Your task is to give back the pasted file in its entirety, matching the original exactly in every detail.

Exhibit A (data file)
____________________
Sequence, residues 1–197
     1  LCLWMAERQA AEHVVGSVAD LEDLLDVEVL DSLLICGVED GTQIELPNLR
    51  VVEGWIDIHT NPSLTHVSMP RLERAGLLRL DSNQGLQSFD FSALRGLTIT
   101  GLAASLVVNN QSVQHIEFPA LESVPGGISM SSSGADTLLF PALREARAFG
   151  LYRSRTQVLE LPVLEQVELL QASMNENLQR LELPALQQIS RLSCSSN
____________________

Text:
Sequence, residues 1–197
     1  LCLWMAERQA AEHVVGSVAD LEDLLDVEVL DSLLICGVED GTQIELPNLR
    51  VVEGWIDIHT NPSLTHVSMP RLERAGLLRL DSNQGLQSFD FSALRGLTIT
   101  GLAASLVVNN QSVQHIEFPA LESVPGGISM SSSGADTLLF PALREARAFG
   151  LYRSRTQVLE LPVLEQVELL QASMNENLQR LELPALQQIS RLSCSSN